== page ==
China did its consumers a big favor yesterday by allowing its currency to appreciate against the dollar for the first time in two years. Having also tolerated a recent wave of strikes that pushed some wages sharply higher, the Beijing government finally seems to be ready to do some economic growing up.
This is good news for us as well as for the Chinese.
Over the past three decades, a nearly limitless supply of extremely cheap labor powered China’s leap from a commercial backwater to the world’s second-largest economy. But every resource, even China’s supply of workers willing to toil for a pittance, has its limits, and stitching T-shirts can take a society only so far down the path to prosperity. Something had to change, and now it has.
Chinese workers want a bigger share of their nation’s wealth. Increasingly, they are realizing that they have the bargaining power to get it. Factories in the heavily industrialized coastal regions are having trouble staying fully staffed, since unskilled workers are now finding more employment opportunities near their homes in China’s interior. The annual supply of new workers is dwindling, too, which is the inevitable result of the strict one-child family planning policies that the nation adopted in the 1970s.
All over the country, newly vocal workers are striking against long hours and low pay. Foxconn, a Taiwanese company that produces vast quantities of computer and phone components for companies like Apple (AAPL) and Dell (DELL), made international headlines when at least a dozen of its workers reportedly committed suicide within a few months. Foxconn has raised wages by almost two-thirds.
Foxconn may be an extreme example, but it is not an isolated case. Several of Honda’s Chinese factories have been hit by strikes as workers push for better compensation. Japanese companies and their suppliers, including Toyota, Brother Industries, Sharp Electronics and Nikon, in addition to Honda, have been frequent targets. But majority-Chinese enterprises, including a Chinese brewery partly owned by Danish brewer Carlsberg, also have been affected.
Over time, higher Chinese wages will drive some low-value manufacturing away to places where cheap unskilled labor remains abundant. Southeast and South Asian nations like Vietnam, Cambodia, the Philippines, Indonesia and Pakistan may be among the early beneficiaries, though none offers the political stability and relatively well-cared-for population that China provides. Since there is no perfect short-term substitute on the labor side, some of those entry-level Chinese jobs are likely to be automated out of existence.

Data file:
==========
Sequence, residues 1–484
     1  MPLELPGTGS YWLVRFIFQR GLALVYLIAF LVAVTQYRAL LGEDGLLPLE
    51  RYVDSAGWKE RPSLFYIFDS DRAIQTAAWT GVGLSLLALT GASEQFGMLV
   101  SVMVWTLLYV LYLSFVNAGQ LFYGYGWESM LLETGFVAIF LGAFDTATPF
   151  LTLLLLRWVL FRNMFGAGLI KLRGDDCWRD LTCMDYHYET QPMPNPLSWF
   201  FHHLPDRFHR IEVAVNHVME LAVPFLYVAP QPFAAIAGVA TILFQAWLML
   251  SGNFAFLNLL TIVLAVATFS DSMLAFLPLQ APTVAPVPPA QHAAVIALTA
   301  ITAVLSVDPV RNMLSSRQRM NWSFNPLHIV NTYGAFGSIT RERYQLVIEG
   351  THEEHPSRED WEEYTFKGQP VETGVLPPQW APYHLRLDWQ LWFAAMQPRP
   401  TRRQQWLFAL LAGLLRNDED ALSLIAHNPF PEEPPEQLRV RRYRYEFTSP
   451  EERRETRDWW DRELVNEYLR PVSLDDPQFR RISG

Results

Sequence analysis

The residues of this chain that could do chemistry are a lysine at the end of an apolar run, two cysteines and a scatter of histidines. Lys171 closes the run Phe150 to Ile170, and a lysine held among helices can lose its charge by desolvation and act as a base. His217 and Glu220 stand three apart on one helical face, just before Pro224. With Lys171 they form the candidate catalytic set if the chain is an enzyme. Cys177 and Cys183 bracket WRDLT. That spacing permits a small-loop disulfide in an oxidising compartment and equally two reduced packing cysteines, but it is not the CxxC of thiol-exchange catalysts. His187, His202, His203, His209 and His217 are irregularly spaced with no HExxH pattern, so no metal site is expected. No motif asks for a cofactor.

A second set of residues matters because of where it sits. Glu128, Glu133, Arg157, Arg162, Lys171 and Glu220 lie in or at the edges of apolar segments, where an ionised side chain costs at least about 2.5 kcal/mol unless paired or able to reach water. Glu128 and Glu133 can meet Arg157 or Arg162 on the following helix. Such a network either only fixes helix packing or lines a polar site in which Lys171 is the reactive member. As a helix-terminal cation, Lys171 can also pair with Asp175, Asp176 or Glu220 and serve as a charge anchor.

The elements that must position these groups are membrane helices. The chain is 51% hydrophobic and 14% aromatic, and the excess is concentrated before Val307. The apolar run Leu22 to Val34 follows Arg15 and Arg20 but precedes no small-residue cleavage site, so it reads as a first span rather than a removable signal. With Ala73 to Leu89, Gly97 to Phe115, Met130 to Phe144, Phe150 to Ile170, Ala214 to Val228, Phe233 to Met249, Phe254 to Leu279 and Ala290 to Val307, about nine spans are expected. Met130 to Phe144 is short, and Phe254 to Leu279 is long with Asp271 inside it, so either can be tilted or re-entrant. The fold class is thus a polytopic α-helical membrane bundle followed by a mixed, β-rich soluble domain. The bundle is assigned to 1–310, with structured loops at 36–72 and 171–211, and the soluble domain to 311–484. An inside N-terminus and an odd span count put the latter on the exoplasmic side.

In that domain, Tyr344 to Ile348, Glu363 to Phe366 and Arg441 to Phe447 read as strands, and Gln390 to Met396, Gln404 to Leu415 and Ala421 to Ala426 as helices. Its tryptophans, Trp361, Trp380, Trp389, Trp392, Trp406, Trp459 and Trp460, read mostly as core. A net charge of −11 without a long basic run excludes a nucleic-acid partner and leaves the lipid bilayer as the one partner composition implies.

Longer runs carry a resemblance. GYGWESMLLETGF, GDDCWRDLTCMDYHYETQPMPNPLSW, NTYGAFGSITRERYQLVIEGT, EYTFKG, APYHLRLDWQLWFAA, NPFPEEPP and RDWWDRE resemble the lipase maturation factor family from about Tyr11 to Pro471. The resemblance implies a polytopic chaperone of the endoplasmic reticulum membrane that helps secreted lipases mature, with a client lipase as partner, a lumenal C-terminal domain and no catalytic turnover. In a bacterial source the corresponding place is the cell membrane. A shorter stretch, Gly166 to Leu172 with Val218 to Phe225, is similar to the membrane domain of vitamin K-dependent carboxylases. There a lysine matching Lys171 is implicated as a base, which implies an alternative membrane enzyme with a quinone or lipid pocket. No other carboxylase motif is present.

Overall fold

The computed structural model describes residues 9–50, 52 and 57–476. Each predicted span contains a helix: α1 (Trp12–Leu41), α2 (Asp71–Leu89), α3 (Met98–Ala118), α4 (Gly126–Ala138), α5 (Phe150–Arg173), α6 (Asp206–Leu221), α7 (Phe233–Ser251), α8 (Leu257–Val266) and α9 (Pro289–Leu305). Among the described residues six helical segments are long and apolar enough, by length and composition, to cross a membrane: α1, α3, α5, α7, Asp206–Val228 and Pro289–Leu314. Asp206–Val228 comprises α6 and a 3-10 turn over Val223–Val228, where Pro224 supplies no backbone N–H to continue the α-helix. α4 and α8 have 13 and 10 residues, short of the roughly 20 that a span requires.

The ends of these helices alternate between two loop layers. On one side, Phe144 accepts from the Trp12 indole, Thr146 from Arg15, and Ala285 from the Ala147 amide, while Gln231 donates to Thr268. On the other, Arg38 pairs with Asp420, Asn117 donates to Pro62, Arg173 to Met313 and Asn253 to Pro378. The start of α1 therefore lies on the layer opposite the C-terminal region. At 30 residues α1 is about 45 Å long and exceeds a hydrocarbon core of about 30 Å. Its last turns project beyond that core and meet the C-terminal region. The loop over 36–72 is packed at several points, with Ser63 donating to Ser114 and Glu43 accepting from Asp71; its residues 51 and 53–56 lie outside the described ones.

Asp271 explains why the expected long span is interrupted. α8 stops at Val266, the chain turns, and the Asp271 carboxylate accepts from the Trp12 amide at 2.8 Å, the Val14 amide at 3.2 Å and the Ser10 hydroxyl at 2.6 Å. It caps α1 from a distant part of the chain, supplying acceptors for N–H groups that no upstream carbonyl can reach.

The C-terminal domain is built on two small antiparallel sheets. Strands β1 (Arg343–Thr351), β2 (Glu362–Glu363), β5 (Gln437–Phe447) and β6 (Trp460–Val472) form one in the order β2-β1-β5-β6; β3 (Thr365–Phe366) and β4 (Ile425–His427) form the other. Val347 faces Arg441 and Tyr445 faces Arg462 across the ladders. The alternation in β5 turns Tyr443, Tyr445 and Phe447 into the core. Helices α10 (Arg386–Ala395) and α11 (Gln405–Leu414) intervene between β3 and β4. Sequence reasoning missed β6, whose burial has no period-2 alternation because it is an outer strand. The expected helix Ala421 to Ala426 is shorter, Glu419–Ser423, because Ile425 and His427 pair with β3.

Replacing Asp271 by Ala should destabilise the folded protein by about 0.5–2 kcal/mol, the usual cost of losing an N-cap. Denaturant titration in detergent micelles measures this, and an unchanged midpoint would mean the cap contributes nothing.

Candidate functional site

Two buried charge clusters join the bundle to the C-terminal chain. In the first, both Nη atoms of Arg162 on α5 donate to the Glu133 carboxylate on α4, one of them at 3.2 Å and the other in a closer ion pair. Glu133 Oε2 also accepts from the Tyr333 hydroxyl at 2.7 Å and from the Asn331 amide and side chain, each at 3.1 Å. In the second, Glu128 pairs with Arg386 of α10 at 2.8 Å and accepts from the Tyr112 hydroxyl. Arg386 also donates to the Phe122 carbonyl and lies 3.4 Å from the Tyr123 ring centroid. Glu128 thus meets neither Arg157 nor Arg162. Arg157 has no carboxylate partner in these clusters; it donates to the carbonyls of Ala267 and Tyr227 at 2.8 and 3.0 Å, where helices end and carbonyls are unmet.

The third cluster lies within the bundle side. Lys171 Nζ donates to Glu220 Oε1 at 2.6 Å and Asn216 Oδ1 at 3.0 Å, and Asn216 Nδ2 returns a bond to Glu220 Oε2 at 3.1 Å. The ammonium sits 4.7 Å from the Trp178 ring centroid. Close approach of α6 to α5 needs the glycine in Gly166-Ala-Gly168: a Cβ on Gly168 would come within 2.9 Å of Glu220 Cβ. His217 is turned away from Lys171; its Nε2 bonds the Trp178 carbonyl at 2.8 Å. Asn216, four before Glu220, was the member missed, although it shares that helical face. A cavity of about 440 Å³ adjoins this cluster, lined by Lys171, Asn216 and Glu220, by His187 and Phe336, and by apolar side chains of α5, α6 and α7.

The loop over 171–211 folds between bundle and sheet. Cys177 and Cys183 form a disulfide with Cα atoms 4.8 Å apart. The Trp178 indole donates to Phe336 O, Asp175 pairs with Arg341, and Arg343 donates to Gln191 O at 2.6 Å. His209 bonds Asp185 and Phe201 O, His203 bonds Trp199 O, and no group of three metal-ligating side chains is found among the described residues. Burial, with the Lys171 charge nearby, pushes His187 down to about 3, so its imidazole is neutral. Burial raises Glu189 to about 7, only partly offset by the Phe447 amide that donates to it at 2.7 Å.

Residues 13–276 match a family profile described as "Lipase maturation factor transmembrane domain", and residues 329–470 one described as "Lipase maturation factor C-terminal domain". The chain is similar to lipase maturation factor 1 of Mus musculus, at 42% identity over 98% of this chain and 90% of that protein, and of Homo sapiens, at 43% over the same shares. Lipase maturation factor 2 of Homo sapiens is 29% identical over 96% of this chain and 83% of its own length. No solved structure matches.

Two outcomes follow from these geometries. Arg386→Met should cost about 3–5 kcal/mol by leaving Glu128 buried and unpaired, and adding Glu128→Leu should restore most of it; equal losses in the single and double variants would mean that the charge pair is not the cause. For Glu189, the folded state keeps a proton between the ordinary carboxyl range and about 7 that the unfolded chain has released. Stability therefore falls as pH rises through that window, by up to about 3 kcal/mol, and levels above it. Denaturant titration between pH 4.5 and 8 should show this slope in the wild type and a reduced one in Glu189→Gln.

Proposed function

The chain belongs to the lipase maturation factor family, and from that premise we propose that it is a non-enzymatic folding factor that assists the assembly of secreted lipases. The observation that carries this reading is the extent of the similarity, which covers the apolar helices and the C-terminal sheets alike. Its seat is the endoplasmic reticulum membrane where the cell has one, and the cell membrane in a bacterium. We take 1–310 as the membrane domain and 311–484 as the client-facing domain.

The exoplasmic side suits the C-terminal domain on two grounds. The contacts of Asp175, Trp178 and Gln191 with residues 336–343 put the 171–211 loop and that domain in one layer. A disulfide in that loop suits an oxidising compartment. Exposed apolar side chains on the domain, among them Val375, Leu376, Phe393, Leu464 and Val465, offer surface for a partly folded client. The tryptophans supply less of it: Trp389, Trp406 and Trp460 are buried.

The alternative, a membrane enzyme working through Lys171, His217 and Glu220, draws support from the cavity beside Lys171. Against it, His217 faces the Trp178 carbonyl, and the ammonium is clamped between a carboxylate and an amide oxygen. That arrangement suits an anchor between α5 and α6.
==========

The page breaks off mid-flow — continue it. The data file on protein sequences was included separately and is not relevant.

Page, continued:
If this sounds familiar, it is because this is the pattern that most industrialized nations have followed. A population with little access to education, health care, shelter or food will do almost anything to get by. But as that population becomes more financially and physically secure, workers tend to want more in exchange for their labor. Better education and longer, healthier working careers usually make it possible to move up the economic ladder.
This is the process that is taking place in China. Though the country is likely to remain an export powerhouse for decades, higher labor costs will prompt China to focus on higher-value goods. At the same time, more Chinese will be drawn into the country’s still relatively small service sector, and the nation will come to rely more heavily on domestic demand to drive its economic growth.
Allowing China’s currency, the yuan, to rise above the value of 6.83 yuan per U.S. dollar, where it has been effectively pegged since 2008, will increase the price foreigners pay for Chinese products. But it will make imported materials and goods cheaper for Chinese buyers, which will make the wage increases that factory workers are winning go even further.
China’s wage gains and its currency moves are two steps toward a future in which Chinese consumers will consume more and Chinese companies will concentrate more on their domestic market and less on exports. The adjustment is not going to be easy. China’s least skilled workers will have fewer opportunities to earn a paycheck, while Wal-Mart (WMT) and Target (TGT) shoppers around the world will find it harder to buy socks at rock-bottom prices. Retail stocks helped lead the U.S. stock market lower yesterday, largely due to concern that higher Chinese prices are going to hurt low-end American merchants.
In the long run, such pain will be outweighed by China’s emergence as a powerful engine of global growth. Right now, China’s annual output is a little over half the output of the American economy, even though China has four times as many people. Thus, per capita, Chinese output is only around one-eighth the American level. Simply bringing China’s output up to half the U.S. level would create enormous demand in China for materials, goods and services from around the globe. U.S. consumers would no longer be the world’s primary market. American policymakers could encourage our households and governments to get their spending under control without worrying that this would trigger a global recession.
Chinese leaders have for years resisted pressure to boost their currency. They remain very wary of allowing any sort of internal dissent, including work stoppages, that could evolve into a challenge to the regime. So why the sudden change?
Nobody outside China’s opaque leadership can be certain, but the likely answer is that China’s government is becoming more self-confident about the country’s economic strength, and more willing to use that strength to show Chinese citizens that their authoritarian government can deliver the prosperity they want. It is not the democratic self-government that Westerners want to see in a major world power, but it is not a bad thing, either. A more prosperous and self-sufficient China is good economic news for everyone.
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